Members of a polar research expedition have provided researchers from Charité – Universitätsmedizin Berlin and the Max Planck Institute for Human Development with an opportunity to study the effects of social isolation and extreme environmental conditions on the human brain. The researchers found changes to the dentate gyrus, an area of the hippocampus responsible for spatial thinking and memory. Results from their study have been published in the New England Journal of Medicine.
Setting off on an Antarctic expedition to Neumayer-Station III, a German Antarctic research station run by the Alfred Wegener Institute, Helmholtz Centre for Polar and Marine Research (AWI), means having to face temperatures as low as -50 degrees Celsius (-58 degrees Fahrenheit) and almost complete darkness during the winter months. Life at the research station offers little in the way of privacy or personal space. Contact with the outside world is minimal, and cutting one’s stay short is not an option—at least not during the long winter months. Emergency evacuation and deliveries of food and equipment are only possible during the relatively short summer. “This scenario offers us the opportunity to study the ways in which exposure to extreme conditions affect the human brain,” says study lead Dr. Alexander Stahn of Charité’s Institute of Physiology and Assistant Professor in the Perelman School of Medicine at the University of Pennsylvania. Working alongside Prof. Dr. Simone Kühn (Group Leader of the Lise Meitner Group for Environmental Neuroscience at the Max Planck Institute for Human Development), and supported by the AWI, Dr. Stahn set out to determine whether or not an Antarctic expedition produces changes to the structure and function of the human brain.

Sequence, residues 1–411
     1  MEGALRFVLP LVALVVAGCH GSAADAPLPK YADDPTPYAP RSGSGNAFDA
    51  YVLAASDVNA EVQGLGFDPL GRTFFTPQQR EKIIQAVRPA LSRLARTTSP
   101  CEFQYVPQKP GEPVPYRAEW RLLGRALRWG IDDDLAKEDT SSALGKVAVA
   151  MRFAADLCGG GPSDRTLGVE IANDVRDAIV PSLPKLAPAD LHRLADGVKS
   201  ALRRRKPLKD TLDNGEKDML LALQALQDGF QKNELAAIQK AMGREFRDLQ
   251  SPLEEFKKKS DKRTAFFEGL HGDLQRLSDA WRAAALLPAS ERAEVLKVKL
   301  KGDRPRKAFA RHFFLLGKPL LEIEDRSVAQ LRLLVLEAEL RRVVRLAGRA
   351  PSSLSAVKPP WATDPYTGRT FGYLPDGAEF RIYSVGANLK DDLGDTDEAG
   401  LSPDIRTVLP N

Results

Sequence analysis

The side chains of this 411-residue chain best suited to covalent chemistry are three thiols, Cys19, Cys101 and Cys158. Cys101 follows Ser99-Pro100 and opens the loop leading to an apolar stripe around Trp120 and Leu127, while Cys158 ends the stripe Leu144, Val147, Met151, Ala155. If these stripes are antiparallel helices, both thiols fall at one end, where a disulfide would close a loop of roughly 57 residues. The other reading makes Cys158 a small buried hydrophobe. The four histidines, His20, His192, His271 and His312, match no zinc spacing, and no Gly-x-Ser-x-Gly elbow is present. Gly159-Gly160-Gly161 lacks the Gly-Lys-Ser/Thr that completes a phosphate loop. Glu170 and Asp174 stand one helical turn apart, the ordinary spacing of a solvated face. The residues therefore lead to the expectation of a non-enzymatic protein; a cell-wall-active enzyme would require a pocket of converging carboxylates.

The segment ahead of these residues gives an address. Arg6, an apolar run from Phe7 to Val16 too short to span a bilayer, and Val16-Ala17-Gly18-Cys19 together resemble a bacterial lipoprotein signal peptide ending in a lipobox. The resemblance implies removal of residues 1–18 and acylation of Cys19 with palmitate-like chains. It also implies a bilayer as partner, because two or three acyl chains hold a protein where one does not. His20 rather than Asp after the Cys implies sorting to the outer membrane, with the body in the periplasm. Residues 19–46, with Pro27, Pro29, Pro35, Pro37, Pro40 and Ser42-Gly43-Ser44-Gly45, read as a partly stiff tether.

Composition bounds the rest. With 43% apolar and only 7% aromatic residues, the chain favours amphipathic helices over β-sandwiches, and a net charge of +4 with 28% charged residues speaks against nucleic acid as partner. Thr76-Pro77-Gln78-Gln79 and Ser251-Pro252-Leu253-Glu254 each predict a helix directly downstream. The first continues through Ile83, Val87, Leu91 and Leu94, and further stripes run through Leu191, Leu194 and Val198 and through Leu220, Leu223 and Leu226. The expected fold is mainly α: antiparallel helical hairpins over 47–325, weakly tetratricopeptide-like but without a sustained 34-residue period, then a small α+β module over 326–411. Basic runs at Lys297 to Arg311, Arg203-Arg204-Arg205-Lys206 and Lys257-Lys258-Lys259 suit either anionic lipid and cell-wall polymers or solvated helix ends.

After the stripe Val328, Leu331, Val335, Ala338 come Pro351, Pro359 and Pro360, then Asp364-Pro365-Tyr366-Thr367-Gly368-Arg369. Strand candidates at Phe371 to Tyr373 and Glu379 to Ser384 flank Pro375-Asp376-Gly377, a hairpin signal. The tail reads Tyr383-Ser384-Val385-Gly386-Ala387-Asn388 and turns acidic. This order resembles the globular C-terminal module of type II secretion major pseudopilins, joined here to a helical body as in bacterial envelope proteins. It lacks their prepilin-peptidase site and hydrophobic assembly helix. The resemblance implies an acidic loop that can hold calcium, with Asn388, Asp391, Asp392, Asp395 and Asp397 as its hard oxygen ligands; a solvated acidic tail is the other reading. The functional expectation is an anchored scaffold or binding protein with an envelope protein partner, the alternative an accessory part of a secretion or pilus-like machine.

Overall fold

Five men and four women volunteered to participate in the study. They spent a total of 14 months at the Antarctic research station, nine of which were spent in isolation from the outside world. Before, during and after their mission, the participants completed a set of computer-based cognitive tests. These included evaluations of concentration, memory, cognitive reaction time and spatial thinking. Regular blood tests were carried out to measure levels of a specific growth factor known as brain-derived neurotrophic factor (BDNF), a protein responsible for promoting the growth of nerve cells and synapses in the brain. The researchers used magnetic resonance imaging to determine brain structure in each of the participants before and after their mission. They did so in order to record changes in brain volume, paying particular attention to the hippocampus, a structure located deep inside the brain. “For this, we used a high-resolution methodology which makes it possible to take precise measurements of individual areas of the hippocampus,” says Prof. Kühn. A group of nine control participants underwent identical tests.
Measurements taken after the end of the exhibition revealed that the dentate gyrus, an area of the hippocampus with an important role in spatial thinking and memory formation, was smaller in members of the expedition team than in controls. These changes were also associated with a decrease in BDNF levels. After only three months in the Antarctic, levels of the growth factor had decreased to levels below those recorded prior to the start of the expedition and had not returned to normal one-and-a-half months after the expedition. Cognition tests showed effects on both spatial abilities and so-called selective attention, which is necessary to ignore irrelevant information. Repeated testing is normally associated with improvements in test results. This learning effect, however, was reduced in participants whose dentate gyrus had decreased in volume, the reduction proportional to the extent of the volume lost.
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